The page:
The Southwestern Historical Quarterly, Volume 103, July 1999 - April, 2000 Page: 525
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jetties. Even after the jetty system was determined to be the most effective,
attempts at using the gabion, a technique that had been used in fortifications, was
eventually abandoned in favor of using sandstone topped by granite rising
approximately five feet above the water. By 1895, after four years of work, the
depth of the channel was twenty feet, and it reached twenty-five feet, the initial
objective in 1897, the year the Corps of Engineers considered the jetties finished.
The city funded the early efforts through bonds, but quickly turned to the fed-
eral government as the scope of the project widened. After receiving "dribbles"
through the 187os and early 188os, the city, with strong support from the state,
made an effort to secure funding for a proposal by Capt. James B. Eads. The pro-
posal ran into opposition from representatives from Philadelphia, New York,
and Chicago who were successful in stopping it. Success came in September
1890 when Congress approved $500,000 for the initial phase of construction
with the promise of future appropriations to complete the project.
Young integrates into the narrative the development of railroad connections
to the midwest and California. Once the channel was finished, Galveston not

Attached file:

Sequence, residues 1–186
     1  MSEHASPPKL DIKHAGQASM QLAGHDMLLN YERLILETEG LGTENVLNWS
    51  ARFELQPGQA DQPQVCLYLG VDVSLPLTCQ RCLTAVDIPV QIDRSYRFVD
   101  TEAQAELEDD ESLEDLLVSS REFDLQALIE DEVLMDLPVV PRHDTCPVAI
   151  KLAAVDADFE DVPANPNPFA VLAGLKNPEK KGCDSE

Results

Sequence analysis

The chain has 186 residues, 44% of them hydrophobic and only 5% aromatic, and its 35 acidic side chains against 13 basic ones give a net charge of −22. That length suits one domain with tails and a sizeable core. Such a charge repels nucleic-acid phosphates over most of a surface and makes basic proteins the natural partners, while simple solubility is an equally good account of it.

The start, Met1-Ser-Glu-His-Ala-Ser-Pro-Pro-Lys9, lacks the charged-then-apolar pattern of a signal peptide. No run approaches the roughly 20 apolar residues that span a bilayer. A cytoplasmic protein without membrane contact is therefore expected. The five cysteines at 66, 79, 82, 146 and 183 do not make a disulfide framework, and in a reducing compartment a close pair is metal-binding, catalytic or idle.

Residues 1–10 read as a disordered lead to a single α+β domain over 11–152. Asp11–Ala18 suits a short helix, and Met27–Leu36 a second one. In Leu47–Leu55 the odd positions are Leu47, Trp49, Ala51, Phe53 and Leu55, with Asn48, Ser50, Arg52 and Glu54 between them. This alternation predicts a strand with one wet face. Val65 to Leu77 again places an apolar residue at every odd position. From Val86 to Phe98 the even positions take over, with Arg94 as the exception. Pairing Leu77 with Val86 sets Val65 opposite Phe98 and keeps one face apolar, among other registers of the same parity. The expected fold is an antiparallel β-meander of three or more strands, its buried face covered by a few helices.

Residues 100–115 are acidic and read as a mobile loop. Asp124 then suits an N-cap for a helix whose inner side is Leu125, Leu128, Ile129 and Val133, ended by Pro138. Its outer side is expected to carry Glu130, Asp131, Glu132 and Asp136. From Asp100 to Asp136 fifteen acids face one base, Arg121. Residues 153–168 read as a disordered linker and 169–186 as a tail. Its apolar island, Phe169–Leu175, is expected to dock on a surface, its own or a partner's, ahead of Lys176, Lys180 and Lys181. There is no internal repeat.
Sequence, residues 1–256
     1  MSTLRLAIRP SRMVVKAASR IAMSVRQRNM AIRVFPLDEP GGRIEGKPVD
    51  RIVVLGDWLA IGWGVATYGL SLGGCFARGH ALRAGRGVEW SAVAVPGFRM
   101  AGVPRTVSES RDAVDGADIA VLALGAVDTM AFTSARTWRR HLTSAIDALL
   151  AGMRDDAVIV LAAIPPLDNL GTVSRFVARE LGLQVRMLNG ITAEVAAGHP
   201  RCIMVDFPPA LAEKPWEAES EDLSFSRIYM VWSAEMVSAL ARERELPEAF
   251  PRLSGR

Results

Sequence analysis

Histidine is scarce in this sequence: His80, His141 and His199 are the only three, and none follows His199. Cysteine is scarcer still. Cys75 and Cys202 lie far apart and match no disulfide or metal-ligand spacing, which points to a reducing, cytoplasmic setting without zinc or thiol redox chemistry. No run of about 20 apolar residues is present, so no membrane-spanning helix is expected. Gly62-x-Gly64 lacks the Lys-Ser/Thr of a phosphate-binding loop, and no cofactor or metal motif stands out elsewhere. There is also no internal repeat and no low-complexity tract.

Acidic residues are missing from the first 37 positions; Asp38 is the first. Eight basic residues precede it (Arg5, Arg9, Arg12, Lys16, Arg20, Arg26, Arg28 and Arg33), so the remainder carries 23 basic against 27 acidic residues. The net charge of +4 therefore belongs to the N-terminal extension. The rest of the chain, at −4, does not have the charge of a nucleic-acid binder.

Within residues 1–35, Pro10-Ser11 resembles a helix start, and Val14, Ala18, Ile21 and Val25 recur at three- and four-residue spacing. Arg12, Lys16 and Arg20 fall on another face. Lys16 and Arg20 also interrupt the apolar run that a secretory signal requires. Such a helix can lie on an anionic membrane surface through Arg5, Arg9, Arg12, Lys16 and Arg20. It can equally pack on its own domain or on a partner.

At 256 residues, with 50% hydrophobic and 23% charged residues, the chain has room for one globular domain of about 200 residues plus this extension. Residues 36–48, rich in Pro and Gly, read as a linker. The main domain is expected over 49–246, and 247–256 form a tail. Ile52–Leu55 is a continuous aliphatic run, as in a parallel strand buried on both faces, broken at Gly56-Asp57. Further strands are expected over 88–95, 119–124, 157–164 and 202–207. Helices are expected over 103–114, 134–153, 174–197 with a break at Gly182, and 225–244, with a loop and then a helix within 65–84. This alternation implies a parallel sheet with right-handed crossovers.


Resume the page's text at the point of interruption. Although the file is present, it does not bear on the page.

only became the leading cotton port in the United States, but was third in wheat
and seventh in corn exports.
Young makes extensive use of various sources including newspaper, govern-
ment documents, and manuscript collections.
Universzty of Texas at San Antonio DWIGHT F. HENDERSON
Tracks to the Sea: Galveston and Western Razlroad Development, x866-x9oo. By Earle
B. Young. (College Station: Texas A&M University Press, 1999. Pp. xi+157.
Illustrations, preface, conclusion, epilogue, notes, bibliography, index.
The industrial revolution "came to Texas in the form of railroads," notes for-
mer army engineer and NASA official Earle B. Young at the start of this shrewd
study (p. 3). Railroads modernized Texas by opening an unprecedented amount
of it to commercial agriculture and by accelerating the concentration of popula-
tion and power in cities, which emerged where railroads intersected, or as in
Galveston's case, where they met the sea. The main plot of this book surrounds
Galveston's effort to avoid dependence on Wall Street, Boston, or San Francisco
financiers by constructing the Gulf, Colorado and Santa Fe Railroad. Chartered
in May 1873, the "GC&SF" was intended to connect with the myriad routes plot-
ted across Texas during Reconstruction and thereby capture trade from
Colorado, the Great Plains, and even California.
The depression that began in the fall of 1873 nearly foiled Galveston's ambi-
tions, despite the town's having put together the largest locally financed railroad
building effort in Texas history. In 1879, with a mere sixty miles of track com-
plete, a syndicate led by George Sealy of the controversial Wharf Company fami-
ly purchased Galveston County's $500oo,ooo investment for $io,ooo. Sealy
renewed construction and reached Fort Worth by 1881. Galveston, however,
now faced a challenge to its commercial autonomy from railroad baron Jay
Gould, who acquired the GC&SF's rival link from the island city to the main-
land, the Galveston, Houston, and Henderson Railroad, which Gould integrated
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Texas State Historical Association. The Southwestern Historical Quarterly, Volume 103, July 1999 - April, 2000, periodical, 2000; Austin, Texas. (texashistory.unt.edu/ark:/67531/metapth101220/m1/581/: accessed June 27, 2017), University of North Texas Libraries, The Portal to Texas History, texashistory.unt.edu; crediting Texas State Historical Association.